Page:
You work on your novel like a person possessed. It haunts you.
You lie awake at night speaking to the characters. They talk to you as if they are made of flesh and blood and not the stuff of dreams and fantasies. One may haunt you that, nagging he is not satisfied with how you’ve portrayed him, that he deserves a more sympathetic treatment. He mumbles that another character, a minor one, had taken over the novel. He berets you for being an unfair author. Heavens, he even claims you, the writer, is guilty of gender discrimination.
Finally, he stomps his phantom foot and declares he wishes you’d never created him. He wants to leave the novel completely–and now!
At that point, the writer pulls rank and announces the he or she, not the character, is the boss and this character must stay within the confines of the plot–like it or not.
Such disputes between writer and his created children are endless, but finally after a thousand headaches and almost as many sleepless nights, the novel is finished. Your child is born, edited and reborn stronger. It is published in ebook format.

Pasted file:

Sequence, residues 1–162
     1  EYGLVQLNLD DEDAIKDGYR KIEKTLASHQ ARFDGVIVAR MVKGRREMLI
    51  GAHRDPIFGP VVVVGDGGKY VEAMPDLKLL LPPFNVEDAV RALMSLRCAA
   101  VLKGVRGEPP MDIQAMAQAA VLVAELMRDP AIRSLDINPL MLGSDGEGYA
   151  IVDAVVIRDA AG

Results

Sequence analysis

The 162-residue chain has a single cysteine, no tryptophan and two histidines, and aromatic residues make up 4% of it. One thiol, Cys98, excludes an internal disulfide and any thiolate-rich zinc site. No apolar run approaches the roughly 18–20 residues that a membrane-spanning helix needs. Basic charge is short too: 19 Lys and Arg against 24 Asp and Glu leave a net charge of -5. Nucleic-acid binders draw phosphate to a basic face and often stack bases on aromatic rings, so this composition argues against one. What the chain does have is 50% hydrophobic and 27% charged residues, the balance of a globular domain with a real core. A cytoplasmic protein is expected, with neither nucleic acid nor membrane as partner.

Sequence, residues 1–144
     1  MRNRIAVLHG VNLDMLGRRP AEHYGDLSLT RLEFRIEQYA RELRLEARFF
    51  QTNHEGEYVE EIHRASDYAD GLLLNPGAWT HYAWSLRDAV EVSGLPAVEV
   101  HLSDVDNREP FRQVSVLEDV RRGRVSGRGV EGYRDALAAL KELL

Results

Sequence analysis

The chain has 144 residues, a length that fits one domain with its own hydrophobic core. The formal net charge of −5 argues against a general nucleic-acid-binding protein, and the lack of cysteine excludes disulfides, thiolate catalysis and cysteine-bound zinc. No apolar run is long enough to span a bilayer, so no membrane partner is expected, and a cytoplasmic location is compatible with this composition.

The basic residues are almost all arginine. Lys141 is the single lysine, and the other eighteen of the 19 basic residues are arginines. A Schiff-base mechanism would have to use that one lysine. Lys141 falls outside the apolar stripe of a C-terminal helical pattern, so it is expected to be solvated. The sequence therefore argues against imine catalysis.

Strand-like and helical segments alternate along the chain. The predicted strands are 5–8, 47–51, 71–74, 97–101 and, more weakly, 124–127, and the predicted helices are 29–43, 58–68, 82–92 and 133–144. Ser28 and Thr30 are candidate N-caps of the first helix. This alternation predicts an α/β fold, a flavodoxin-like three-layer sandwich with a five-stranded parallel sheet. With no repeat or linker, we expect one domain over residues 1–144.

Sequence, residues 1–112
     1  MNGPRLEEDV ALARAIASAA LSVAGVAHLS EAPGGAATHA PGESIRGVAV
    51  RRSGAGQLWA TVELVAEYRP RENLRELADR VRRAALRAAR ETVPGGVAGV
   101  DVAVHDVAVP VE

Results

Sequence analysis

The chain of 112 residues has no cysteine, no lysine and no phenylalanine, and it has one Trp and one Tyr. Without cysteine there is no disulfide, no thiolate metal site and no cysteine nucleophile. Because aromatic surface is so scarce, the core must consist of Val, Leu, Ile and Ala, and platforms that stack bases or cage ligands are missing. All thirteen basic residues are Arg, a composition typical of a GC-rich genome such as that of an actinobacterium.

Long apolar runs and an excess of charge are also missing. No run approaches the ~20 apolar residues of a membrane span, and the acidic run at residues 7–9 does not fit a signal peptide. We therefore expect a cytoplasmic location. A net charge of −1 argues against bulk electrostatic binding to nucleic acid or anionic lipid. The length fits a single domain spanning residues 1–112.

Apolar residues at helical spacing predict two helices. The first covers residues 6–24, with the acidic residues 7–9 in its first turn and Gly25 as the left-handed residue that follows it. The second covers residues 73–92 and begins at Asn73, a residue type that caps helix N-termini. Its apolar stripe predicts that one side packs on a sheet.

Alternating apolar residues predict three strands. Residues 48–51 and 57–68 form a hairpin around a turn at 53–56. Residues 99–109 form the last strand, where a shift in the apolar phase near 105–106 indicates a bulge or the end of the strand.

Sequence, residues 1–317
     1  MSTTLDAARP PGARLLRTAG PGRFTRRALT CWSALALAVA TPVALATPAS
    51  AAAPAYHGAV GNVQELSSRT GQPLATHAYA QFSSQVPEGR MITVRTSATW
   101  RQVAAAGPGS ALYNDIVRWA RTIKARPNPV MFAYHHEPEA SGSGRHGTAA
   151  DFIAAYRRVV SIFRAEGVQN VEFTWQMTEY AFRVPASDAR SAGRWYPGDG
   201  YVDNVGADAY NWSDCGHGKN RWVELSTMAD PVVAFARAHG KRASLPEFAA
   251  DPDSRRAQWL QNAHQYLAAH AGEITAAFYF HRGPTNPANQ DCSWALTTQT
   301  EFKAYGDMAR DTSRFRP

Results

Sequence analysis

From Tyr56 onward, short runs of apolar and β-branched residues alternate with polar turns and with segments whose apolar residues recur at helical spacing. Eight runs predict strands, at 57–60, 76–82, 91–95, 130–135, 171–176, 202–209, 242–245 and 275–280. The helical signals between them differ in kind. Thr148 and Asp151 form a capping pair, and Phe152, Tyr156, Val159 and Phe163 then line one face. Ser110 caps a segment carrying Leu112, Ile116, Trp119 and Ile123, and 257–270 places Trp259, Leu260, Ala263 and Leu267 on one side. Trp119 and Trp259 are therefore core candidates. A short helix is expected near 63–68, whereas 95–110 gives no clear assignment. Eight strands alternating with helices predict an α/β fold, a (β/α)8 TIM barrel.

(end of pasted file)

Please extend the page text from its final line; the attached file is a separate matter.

Then, your troubles.begin. Some scoundrel hacks a website and steals the book you have sweat blood to produce. Guess what? He is giving it away. Giving. It. Away! Your labor is free to anyone who goes to this thief’s website. Often, these hackers gain the free-loaders confidential information in the process making a lot via identity theft.
You console yourself when you learn that the same thing has happened to most every author, even the great sellers, those with the letters after their names. NYT or USA Best Selling Author. A few years ago, Nora Roberts went before a senate committee to ask for protection against these hackers. Congress passed no new laws to protect authors.
So, what is the answer? I wish I knew. Maybe writers should hire platoons of lobbyists. Then, maybe Congress would listen. Maybe. Maybe not. My advice? Don’t hold your breath.